More Glaciers in East Antarctica Are Waking Up

East Antarctica has the potential to reshape coastlines around the world through sea level rise, but scientists have long considered it more stable than its neighbor, West Antarctica. Now, new detailed NASA maps of ice velocity and elevation show that a group of glaciers spanning one-eighth of East Antarctica’s coast have begun to lose ice over the past decade, hinting at widespread changes in the ocean.

A group of four glaciers in an area of East Antarctica called Vincennes Bay, west of the massive Totten Glacier, have lowered their surface height by about 9 feet since 2008, hinting at widespread changes in the ocean. The data used for this map is an early version of the NASA MEaSUREs ITS_LIVE project and was produced by Alex Gardner, NASA-JPL.
Credits: NASA Earth Observatory/Joshua Stevens

In recent years, researchers have warned that Totten Glacier, a behemoth that contains enough ice to raise sea levels by at least 11 feet, appears to be retreating because of warming ocean waters. Now, researchers have found that a group of four glaciers sitting to the west of Totten, plus a handful of smaller glaciers farther east, are also losing ice.

“Totten is the biggest glacier in East Antarctica, so it attracts most of the research focus,” said Catherine Walker, a glaciologist at NASA’s Goddard Space Flight Center in Greenbelt, Maryland, who presented her findings at a press conference on Monday at the American Geophysical Union meeting in Washington. “But once you start asking what else is happening in this region, it turns out that other nearby glaciers are responding in a similar way to Totten.”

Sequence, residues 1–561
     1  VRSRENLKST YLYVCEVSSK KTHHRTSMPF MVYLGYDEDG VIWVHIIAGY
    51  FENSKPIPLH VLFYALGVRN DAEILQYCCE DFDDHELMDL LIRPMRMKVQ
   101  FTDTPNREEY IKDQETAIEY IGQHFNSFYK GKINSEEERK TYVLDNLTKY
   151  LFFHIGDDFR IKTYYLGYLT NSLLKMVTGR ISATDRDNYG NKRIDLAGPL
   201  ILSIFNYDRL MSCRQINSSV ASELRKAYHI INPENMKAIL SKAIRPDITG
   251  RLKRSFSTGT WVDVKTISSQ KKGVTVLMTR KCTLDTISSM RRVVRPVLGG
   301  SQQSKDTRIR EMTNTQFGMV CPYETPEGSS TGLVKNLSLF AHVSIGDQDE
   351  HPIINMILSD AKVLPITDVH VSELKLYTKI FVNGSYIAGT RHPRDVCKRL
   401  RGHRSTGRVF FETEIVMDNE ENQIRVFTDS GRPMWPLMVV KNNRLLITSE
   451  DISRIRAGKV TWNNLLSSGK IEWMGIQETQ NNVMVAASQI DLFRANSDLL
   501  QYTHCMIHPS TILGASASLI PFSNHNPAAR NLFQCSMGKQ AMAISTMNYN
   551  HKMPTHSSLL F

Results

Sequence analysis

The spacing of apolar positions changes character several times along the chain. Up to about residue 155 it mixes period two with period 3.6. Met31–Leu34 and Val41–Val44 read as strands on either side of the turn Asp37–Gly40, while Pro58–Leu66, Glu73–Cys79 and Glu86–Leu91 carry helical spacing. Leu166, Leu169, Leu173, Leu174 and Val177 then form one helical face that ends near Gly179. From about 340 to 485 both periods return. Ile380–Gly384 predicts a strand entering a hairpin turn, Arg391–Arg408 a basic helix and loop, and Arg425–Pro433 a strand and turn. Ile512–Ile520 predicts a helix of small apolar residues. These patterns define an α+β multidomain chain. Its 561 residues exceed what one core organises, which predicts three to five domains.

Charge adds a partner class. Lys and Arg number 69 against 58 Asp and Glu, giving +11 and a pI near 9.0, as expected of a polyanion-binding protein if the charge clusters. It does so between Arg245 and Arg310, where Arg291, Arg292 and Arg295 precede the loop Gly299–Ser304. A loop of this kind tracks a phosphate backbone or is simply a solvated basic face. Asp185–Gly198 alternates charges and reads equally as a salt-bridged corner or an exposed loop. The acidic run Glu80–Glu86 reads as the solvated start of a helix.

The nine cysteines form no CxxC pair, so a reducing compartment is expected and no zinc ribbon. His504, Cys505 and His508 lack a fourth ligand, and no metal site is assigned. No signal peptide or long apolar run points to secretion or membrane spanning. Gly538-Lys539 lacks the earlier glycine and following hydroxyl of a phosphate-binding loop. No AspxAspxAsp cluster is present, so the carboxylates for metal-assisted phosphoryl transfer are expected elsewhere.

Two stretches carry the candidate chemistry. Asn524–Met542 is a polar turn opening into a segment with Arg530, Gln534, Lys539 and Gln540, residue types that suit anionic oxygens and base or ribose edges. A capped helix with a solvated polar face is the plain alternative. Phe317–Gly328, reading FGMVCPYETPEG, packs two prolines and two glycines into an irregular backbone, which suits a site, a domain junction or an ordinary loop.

For her research, Walker used new maps of ice velocity and surface height elevation that are being created as part of a new NASA project called Inter-mission Time Series of Land Ice Velocity and Elevation, or ITS_LIVE. Researchers with ITS_LIVE will be launching a new initiative in early 2019 to track the movement of the world’s ice, which includes the creation of a 30-year record of satellite observations of changes in the surface elevation of glaciers, ice sheets and ice shelves, and a detailed record of variations in ice velocity starting in 2013.

Walker found that four glaciers west of Totten, in an area called Vincennes Bay, have lowered their surface height by about 9 feet since 2008 – before that year, there had been no measured change in elevation for these glaciers. Farther east, a collection of glaciers along the Wilkes Land coast have approximately doubled their rate of lowering since around 2009, and their surface is now going down by about 0.8 feet every year.

This map shows the flow of the Antarctic ice sheet as measured from the tracking of subtle surface features across millions of Landsat repeat image pairs. The “donut hole” marks the maximum latitude visible by the Landsat satellites. The data used for this map is an early version of the NASA MEaSUREs ITS_LIVE project and was produced by Alex Gardner, NASA-JPL.
Credits: NASA Earth Observatory/Joshua Stevens

Source: NASA


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